Interviewer: Right.

Steve Tuma: So we are working to figure out, well, does the house have to be raised 9 feet, 10 feet, 11 feet? What do we do with the space below it?

Interviewer: Right.

Steve Tuma: So it’s not always a window situation. It’s what’s holding that window in place, what’s around it. And that’s where we are able to help.

Interviewer: Sure.

Steve Tuma: It’s actually a lot of fun and our customers enjoy it because that view might be the primo thing that they want in a house.

Interviewer: We talk a lot about this just as a society about like environmental impact or carbon footprint, that kind of thing. But let’s say you buy a beautiful piece of land and you want to minimize the impact of the land and you have an idea for your house but you want to know how you can minimize the impact of the environment. Do you guys get into that a lot?

Steve Tuma: Yeah, we can really help that. In some areas, we do green codes to make sure that people are disposing their things properly or using the right material so you don’t impact the land.  But generally, the more obvious concern is the actual excavation of it. So let’s just say someone had a home on the side of a hill. You can go in there and dig a full basement. Excavate the side of the hill and put a basement there. But some people are like, “Hey, wait a second. This is a migration route for many deer or animals or like the animals or birds or whatever it is.” So they don’t want to impact the vegetation. We will actually put a house on stilts. So let’s just say you had a house that had 200 linear feet of wall, basically a 200 linear foot of crawl space or stem wall or something like that. If you could put it on piers and instead of 200 linear feet of wall, you end up with say 10 individual posts, you’re not tearing your ground up. So this is more if someone is ecologically-minded. Some place is dictated. Other people just do it. If they are doing an off-grid house, they might do it. But what’s interesting is sometimes people say, “Wow! That sounds expensive.” Well, in a lot of cases, the foundation actually costs less.

Interviewer: Oh, I got it.

Steve Tuma: So it’s not just the ecological footprints. Sometimes it’s the wallet footprint. I guess I just turned a new one, the wallet footprint.

Interviewer: Another t-shirt.

Steve Tuma: Yeah. So it’s a situation there where there are different ways of putting a house on land. Sometimes it’s a slab. Sometimes it’s a basement. Sometimes it’s a crawl space. Sometimes it’s piers. Sometimes it’s cantilevers. So there’s a variety of different ways we can do things to be able to enjoy the land but not impact it. There are some people we have in different areas where wet lands are involved. And they have to have very minimal to no impact of the soils to be able to build where they’re at. So after they get through the governmental processes or go through and say, “We can have so much of a foundation in this land.”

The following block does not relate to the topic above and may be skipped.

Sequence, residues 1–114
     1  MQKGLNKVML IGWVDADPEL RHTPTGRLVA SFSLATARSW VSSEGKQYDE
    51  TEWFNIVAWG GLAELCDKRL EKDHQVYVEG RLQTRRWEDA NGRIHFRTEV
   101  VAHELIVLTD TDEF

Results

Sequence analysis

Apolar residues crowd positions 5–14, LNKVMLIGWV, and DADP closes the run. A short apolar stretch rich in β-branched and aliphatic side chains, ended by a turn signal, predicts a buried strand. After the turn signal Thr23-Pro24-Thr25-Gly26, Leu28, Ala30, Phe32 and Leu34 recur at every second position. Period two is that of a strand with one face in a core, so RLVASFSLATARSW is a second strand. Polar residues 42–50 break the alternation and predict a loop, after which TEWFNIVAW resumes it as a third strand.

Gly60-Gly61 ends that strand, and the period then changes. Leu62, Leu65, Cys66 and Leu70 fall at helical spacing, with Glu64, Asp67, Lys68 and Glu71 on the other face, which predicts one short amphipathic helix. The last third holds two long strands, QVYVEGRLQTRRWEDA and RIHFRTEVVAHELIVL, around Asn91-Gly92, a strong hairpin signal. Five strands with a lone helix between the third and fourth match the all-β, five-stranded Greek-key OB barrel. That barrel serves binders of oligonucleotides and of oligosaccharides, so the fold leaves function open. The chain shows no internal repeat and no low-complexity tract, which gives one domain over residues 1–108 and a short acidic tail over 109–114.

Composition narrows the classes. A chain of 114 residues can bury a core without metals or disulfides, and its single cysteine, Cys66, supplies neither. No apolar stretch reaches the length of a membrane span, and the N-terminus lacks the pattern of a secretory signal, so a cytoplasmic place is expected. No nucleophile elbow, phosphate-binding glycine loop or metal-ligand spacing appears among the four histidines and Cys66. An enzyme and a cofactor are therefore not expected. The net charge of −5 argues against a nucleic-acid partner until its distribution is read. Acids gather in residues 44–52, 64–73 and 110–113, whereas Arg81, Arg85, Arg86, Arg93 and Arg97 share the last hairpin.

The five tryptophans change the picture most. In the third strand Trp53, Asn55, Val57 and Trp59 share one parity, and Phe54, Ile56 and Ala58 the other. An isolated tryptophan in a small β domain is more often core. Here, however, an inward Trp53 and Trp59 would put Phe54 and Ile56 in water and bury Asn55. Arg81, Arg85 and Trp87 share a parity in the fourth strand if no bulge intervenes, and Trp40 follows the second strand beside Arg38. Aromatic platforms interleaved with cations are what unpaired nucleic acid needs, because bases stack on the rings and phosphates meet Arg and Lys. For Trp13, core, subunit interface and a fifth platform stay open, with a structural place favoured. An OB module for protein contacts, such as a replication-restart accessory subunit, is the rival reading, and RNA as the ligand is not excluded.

Interviewer: Right.

Steve Tuma: So then we have to go through an develop a foundation design that stays within the parameters. So it’s pretty cool. Sometimes people say, “Wow! That sounds expensive.” Well, it takes a little time to design it but it’s not the thing that’s going to break the bank. And usually, when people are building in these areas, it’s just a beautiful place. They want to enjoy it. It’s an heirloom property. They are not building it to sell. They are building it to sit and enjoy with their friends and family. So a little bit of thinking upfront helps us develop a set of plans so that the enjoyment as long as you own the home is much better.

Interviewer: Of course. Yeah. It’s interesting what you said about the animals. People probably do a lot of things with their design of their house and even their landscaping to attract animals to the house which is kind of cool I think.

Steve Tuma: Well, what’s interesting is there had been some skyscrapers that have been built and end up being in the migration routes of ducks. And it’s kind of interesting. You think a duck flying a thousand feet up and see a big tall building in front of it but there’s something in the navigation. You even see it with the wind farms and some of the solar farms where animals are getting hit by blades. So if someone has that concern, there are ways to work around designs so we don’t impact the land as much.

Interviewer: Well, when we were talking about unique pieces of land, unique spots to build a house, a lot of times, I think we are going to find land that doesn’t actually have a flat spot on it. And so, I find a beautiful piece of land and I go, “There’s not one flat place to build a house.” What does Landmark suggest in that sort of situation?